I am worried about our seats in the upper circle. Will we see well from up above? It turns out to be fine though the stalls would have been better of course. The play is not bad; some of the actors are very good indeed.  It finishes after 10:30 pm and it is almost midnight before we get to sleep. It has been a long day.

For those considering a shorter stay in this region, I recommend visiting Castle Combe, Lower & Upper Slaughter, Bourton-on-the-water and Stow-on-Wold. This is achievable in a day. Include Stratford-upon-Avon if you are a Shakespeare fan, in which case you need an extra day.

Day 8 Friday 1 August, 2013

This is the eighth day of travel and our energies are flagging. We are lethargic this morning and take our time in departing for Oxford, our next destination. The landscape is lovely and we enjoy our drive. At the hotel, our room is not yet ready. We leave the car and head out to the city. It is a 17 minute walk which we enjoy.

My plan is to spend the afternoon in the Ashmolean Museum. We take audio guides (£3 each) but we hardly use them. The descriptions on the exhibits are good enough and we spend a happy afternoon examining objects from many cultures and times.

We then stroll around town, more or less aimlessly. I enjoy its youthful atmosphere and grand buildings. Satiated for the day, we walk back to our hotel. On tired feet it takes 30 mins instead of 17. Both of us are limping a bit with our respective feet problems. Tourism is hard on one’s feet! Flopping in bed, I am reluctant to get up and go out again. But we have promised to have dinner at our young friends’ home. We stir ourselves to finally drive out and have a very enjoyable evening.

Day 9 Saturday, 2 Aug 2013

I wake up cheerful, our son is coming to meet us again today! We get ready and are at the tourist office by 10:15 am. Our son joins us soon after. I have pre-booked a tour from the tourist office at 11 am. We have some free time so we pop into the History of Science museum. I am delighted to see Einstein’s black board from a lecture in 1931 and Marconi’s first tuned transmitter! ‘Yes!’, I proclaim to my family, ‘the geek in me is alive and well!’. There are a number of treasures here for the scientifically minded but the display is rather dry; it would have been nice to have a guided tour.

The guide is informative but not entertaining, there is no passion here. We first visit Exeter college. The guide tells us about the college system and talks about famous students from various colleges. Our son is pleased to know that Tolkien studied right here!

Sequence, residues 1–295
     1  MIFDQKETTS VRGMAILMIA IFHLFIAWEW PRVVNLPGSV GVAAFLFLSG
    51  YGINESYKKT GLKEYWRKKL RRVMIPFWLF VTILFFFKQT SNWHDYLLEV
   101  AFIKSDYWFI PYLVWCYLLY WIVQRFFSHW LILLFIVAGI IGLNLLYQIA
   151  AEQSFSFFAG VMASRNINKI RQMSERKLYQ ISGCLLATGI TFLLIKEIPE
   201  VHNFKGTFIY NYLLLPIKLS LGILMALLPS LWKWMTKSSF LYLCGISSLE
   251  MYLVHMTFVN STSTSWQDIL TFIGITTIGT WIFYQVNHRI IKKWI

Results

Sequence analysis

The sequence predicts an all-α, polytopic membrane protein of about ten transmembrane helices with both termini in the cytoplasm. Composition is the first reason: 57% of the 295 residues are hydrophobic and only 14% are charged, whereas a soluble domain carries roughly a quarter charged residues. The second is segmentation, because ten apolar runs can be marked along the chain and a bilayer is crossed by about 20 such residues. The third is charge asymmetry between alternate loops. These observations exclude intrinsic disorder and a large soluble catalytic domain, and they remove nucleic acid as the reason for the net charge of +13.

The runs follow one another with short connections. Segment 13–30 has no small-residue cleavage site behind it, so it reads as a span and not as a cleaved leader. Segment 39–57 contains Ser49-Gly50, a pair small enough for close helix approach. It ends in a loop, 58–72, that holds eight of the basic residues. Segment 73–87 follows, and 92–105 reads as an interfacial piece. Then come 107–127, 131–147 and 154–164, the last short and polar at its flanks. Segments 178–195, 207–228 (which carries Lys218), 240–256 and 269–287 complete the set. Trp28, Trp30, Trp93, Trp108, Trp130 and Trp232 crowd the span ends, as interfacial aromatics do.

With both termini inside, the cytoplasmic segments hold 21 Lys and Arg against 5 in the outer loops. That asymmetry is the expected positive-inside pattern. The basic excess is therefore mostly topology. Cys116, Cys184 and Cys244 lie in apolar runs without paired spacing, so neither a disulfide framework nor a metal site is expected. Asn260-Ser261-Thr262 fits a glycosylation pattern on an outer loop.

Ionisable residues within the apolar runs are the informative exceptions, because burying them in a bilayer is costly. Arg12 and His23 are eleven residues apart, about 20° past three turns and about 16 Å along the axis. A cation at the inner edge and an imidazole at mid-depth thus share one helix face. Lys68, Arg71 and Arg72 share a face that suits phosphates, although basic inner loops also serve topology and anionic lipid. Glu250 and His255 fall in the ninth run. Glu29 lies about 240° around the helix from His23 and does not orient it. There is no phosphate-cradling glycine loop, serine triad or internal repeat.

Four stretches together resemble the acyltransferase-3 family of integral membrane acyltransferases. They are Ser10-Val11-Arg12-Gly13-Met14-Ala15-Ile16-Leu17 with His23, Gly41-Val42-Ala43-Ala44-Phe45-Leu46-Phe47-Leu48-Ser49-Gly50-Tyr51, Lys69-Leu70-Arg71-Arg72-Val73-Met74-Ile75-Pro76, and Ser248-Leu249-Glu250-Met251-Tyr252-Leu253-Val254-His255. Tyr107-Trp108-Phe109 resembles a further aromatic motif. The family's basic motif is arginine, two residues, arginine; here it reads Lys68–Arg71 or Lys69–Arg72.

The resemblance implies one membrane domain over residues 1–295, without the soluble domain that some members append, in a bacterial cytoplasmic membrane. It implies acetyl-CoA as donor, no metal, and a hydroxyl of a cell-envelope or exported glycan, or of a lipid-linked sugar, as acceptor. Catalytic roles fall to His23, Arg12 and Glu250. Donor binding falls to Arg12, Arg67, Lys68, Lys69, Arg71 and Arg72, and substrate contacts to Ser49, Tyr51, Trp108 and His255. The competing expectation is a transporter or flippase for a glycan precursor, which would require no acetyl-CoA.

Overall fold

We then walk to Radcliffe Square, past the Bodleian Library, under the Bridge of Sighs, past the Turf Tavern and back to tourist office. The tour takes about 2 hours though we do not cover much distance.

Our son is keen to eat lunch at Jamie’s, to repeat our Bath experience. We enjoy the meal and a nice catch-up with him. I want to see at least one more college. I drag my family to Lincoln, which is closed. We try New College, Trinity and Christ Church only to meet more failure. It seems to be a ceremonial day with many young ones in their graduation robes. Perhaps that is why everything is closed. My husband and son are now displaying signs of rebellion so I finally give up.

We walk to the Folly Bridge where the first Ox crossed the Ford to come to Oxford – or so I tell myself! We enjoy a short rest by the river and then walk back along the Christ Church Meadows, finally to trudge back slowly to our hotel. This is the end of our trip. We say goodbye again to our son and drop him at the station to head back to London. As for us, it is a drive of 200 kms to get to our night stay in a small pub just 7 kms from the Euro Tunnel. It is adequate for our needs but is too noisy to recommend.

Day 10 3 August, 2013

Our holiday is over. We get to the Tunnel in time, cross the channel and then drive 750 kms back home in about 7 hrs. All that is left is the pleasure of sorting through 800 or so photos and ruminating over the holiday as I write my blog….

4 thoughts on “A Taste of England

  1. Suja, Breath-taking ‘Post’ !!
    I’m sure you & your dear husband had to spend some money on your vacation/visits in England. BUT, I’ve got all the thrill/pleasures of a delightful visit to England – sitting her in front of my PC – all for what it costs me for a few MBs of Broadband usage!!!
    Just like a cow, I’ve hastily gobbled-up your ‘delightful/picturesque post’ and will leisurely chew-the-cud and savour the joy.
    You really have taken your reader/s (& viewers) along with you! At least, I feel like having been led-by-the-nose-string all through the places in England.

    You’ve said “I am surprised by the variety and quality of the food at the pub. . “.
    That reminds me of the lines of an old song which goes like this :
    “Oh to be in England, now that spring is here!
    Oh to be in England, drinking English beer!”

    Don’t tell me you both – and your dear son – missed ‘drinking English beer’!
    Best Wishes.
    Raj

    • Hello Raj, Thank you for such extravagant praise 🙂 I love writing my travel posts, it is another way of reliving everything we experienced..and then I have a record for later when I have forgotten.. And yes indeed, my husband enjoyed draught beer and ale in plenty! I am not a beer fan but I enjoyed my own tipples, thank you!

  2. Hey there! I could have sworn I’ve been to this site before but after
    reading through some of the post I realized it’s new to me.
    Nonetheless, I’m definitely glad I found it and I’ll be book-marking and checking back often!

    • Thank you! Glad you enjoyed my blog. Though I don’t post frequently, when I do it is with as much information and photos that I can provide for it to be useful for anyone planning a holiday to the same place.
      Cheers. Suja